Beware of Greeks bearing gifts, runs the cliché. And Greek Prime Minister George Papandreou’s gift of democracy is one that is very definitely unwanted in Europe. No wonder the Germans regard Greeks as shifty avoiders of responsibility for their own actions.

Papandreou’s stunt to call a referendum on the latest bailout package and the austerity cuts needed to qualify, is backfiring on him and his government, as well as roiling markets and sending his fellow EU leaders reaching for the stress pills again. According to this morning’s media reports, it could see him lose his job. Just before deadline, there were reports Papandreou’s cabinet had backed his referendum plan after an emergency meeting overnight.

There were two more defections from his Socialist parliamentary group on Tuesday and the threat of a third, which suggests he may lose Friday’s vote of confidence, triggering the early poll that he was trying to avoid. The Greek parliament is due to start a three day debate tonight on the referendum with a vote scheduled for Friday night, Australian time. If it is approved, the vote will be held next January, just when Greece will be running out of bailout funds with the latest 8 billion euros due to be paid over in the next 10 days. If that payment is delayed or isn’t made for any reason, Greece could implode almost immediately.

The news stunned European leaders and forced France and Germany leaders and officials to hold a series of telephone meetings. Germany’s Angela Merkel and France’s President Sarkozy said they will meet the Greek Prime Minister tonight, our time to discuss the issue and what can be done to kill off the idea. The G20 leaders meeting starts in Cannes tomorrow and finishes Friday night. The poll will be top of the agenda as will its possible impact on the euro deal and the latest Greek bailout.

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Papandreou’s decision, announced on Monday, took his government, the country and the rest of Europe by surprise. A poll last week showed 60% of Greeks opposed to the bailout and the stiff austerity terms. Saying “no” would mean the Greeks were not prepared to cut spending and debt to be bailed out by the rest of the eurozone (the ECB, EU and, probably, the Chinese and the IMF). In effect the Greeks would be saying “yes” to default, which would happen almost immediately. It won’t be “orderly”, but very messy indeed, freezing financial markets, halting bank lending and, quite possibly, plunging the rest of Europe into a recession, or further into recession for those countries already struggling.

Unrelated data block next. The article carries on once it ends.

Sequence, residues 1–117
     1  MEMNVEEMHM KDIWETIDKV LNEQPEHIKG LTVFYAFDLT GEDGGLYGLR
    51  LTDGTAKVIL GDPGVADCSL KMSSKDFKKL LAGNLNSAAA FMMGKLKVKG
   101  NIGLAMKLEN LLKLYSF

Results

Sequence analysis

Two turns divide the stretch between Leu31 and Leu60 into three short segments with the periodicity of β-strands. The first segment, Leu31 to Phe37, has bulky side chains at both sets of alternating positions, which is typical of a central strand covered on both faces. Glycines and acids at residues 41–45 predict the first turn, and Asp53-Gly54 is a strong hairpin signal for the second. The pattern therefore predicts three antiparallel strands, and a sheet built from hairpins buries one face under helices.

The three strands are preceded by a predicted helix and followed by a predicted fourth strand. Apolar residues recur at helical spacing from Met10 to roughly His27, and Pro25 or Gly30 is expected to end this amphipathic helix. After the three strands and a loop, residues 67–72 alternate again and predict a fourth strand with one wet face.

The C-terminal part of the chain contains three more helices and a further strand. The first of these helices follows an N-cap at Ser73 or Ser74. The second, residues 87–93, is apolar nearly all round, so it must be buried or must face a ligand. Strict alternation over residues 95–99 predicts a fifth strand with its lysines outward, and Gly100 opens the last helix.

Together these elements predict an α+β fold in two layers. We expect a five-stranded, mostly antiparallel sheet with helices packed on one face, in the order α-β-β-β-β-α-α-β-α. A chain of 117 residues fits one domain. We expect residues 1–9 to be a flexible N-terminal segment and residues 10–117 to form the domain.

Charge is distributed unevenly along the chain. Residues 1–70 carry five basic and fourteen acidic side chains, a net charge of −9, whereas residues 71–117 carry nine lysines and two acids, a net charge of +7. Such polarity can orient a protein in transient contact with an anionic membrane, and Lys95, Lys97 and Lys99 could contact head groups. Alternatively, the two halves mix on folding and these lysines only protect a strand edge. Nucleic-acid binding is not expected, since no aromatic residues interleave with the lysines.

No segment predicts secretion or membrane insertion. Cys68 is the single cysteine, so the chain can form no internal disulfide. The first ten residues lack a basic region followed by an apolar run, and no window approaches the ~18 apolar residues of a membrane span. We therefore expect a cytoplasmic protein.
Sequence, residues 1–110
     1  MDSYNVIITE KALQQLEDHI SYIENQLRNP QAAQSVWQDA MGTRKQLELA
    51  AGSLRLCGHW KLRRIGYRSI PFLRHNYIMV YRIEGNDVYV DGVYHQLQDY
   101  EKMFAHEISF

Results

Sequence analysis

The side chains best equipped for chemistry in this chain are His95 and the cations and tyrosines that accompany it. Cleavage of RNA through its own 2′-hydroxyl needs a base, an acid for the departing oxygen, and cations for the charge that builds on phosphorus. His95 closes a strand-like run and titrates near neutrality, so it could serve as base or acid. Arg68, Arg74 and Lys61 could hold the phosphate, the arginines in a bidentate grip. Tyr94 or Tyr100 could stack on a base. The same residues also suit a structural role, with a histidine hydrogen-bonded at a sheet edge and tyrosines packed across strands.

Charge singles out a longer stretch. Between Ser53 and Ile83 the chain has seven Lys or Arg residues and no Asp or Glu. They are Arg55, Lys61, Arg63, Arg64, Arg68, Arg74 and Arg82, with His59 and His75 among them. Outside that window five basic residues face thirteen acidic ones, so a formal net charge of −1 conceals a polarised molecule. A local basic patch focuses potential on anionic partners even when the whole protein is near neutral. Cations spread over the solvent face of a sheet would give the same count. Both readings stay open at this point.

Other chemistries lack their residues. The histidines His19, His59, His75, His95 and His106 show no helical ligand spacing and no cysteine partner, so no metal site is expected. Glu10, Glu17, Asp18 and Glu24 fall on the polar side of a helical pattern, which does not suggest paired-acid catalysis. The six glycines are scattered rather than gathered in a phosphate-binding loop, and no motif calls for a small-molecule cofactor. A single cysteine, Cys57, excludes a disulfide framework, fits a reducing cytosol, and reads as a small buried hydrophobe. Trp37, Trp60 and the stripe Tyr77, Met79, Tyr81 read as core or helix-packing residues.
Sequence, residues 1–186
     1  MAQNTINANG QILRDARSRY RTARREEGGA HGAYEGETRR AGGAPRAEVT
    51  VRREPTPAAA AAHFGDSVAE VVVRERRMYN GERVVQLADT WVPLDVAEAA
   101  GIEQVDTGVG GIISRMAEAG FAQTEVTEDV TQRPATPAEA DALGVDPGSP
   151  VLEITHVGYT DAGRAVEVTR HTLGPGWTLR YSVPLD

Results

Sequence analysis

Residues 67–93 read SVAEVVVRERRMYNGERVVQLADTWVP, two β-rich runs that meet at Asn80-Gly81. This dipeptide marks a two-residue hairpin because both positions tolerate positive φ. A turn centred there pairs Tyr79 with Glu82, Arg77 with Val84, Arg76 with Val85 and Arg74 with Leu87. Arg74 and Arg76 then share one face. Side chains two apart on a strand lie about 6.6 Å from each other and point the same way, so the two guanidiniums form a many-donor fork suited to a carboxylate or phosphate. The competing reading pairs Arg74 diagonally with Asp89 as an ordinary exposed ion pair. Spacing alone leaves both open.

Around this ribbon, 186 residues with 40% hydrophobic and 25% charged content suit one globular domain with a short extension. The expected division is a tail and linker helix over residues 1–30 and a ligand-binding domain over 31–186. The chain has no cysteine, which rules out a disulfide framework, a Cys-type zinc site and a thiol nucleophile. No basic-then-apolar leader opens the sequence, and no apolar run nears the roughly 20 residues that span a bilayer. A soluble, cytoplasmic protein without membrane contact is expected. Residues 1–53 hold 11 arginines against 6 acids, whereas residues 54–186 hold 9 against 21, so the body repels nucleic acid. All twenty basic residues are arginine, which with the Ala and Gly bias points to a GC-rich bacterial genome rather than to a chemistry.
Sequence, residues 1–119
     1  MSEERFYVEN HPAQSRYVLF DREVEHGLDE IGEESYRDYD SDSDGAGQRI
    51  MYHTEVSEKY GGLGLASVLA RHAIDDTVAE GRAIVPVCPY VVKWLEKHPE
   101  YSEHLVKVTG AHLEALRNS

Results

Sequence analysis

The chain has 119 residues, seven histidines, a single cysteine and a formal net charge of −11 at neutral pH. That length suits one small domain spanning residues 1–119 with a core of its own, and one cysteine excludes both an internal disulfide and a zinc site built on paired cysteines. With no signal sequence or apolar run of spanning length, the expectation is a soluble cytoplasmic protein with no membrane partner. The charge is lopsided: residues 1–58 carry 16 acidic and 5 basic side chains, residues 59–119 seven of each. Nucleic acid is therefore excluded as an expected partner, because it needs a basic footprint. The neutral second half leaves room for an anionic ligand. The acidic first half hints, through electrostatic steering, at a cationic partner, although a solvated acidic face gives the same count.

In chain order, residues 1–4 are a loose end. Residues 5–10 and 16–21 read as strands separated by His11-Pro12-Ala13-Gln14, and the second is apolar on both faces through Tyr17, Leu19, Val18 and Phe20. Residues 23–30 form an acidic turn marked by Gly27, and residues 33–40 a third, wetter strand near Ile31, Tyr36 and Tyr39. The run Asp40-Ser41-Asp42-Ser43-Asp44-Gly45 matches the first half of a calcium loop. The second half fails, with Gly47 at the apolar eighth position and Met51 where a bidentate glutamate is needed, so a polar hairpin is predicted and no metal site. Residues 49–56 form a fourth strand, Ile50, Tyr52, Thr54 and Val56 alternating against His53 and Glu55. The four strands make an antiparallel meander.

The worst case outlook says that recession would roll across the US, Asia, Australia, the UK in a re-run of the aftermath of the collapse of Lehman Brothers in New York in September 2008. The killer would be the freezing of markets, which would force central banks to again rescue banks and economies across the globe. Millions of jobs will again be lost, playing out a scenario scarily like the early 1930s.

The date of the referendum being mooted is mid-January — which means even a “yes” vote would come after months of more uncertainty.

Gold rose slightly, but oil and copper fell and the Australian dollar lost another cent, on top of the losses from the RBA cut yesterday. Sharemarkets in Europe fell between 2% and nearly 7%, the relief rally of last week a long way in the rearview mirror. Ever since the bailout deal was announced, the markets have slowly been realising what many analysts and commentators spotted immediately, that the deal is mostly vague intentions and talking points. So we saw a second day of selling last night, only this time more desperate and targeted on banks in Europe.

In the US, markets fell by 2% or more and 10 year US bond yields fell to 2%, down from 2.31% last Friday, as investors charged off for the safely of US dollar government bonds. The shares of European bank shares plunged, especially in France and Italy.

Our market is down by more than 2.5% since Monday, despite yesterday’s rate cut. Those fears about Europe are real.

The news has seen the cost of Italian debt rise past 6% again (to a new high of 6.33%), rising fears it will be next to need help funding itself. The European Central Bank bought a reported 5 billion euros of Italian bonds to steady the market, the second such intervention in five days.

The US Federal Reserve started a two day meeting overnight Tuesday and the news from Greece won’t have thrilled it. The looming eurozone recession threatens to roll over the US economy, which in recent days has looked like climbing off the canvas, and then other major economies, including China, especially if there’s continuing financial instability. There’s discussion once again — some may remember it from 2008 — about how “decoupled” Asia and particularly China now is from Europe and the US.

Nor will it have been greeted warmly at the Reserve Bank of Australia which yesterday cut rates here for the first time in 31 months, a move that seemed to be based on a bit of insurance for Australia should Greece and Europe continue to worry markets, as they are doing. “It is likely to be some time yet before concerns about the European situation can definitively be laid to rest and the effects of the recent turmoil on confidence may result in a period of precautionary behaviour by firms and households,” said Glenn Stevens in his post-meeting statement.

Papandreou — if he lasts — seems intent on ensuring “concerns about the European situation” aren’t laid to rest for a long time to come.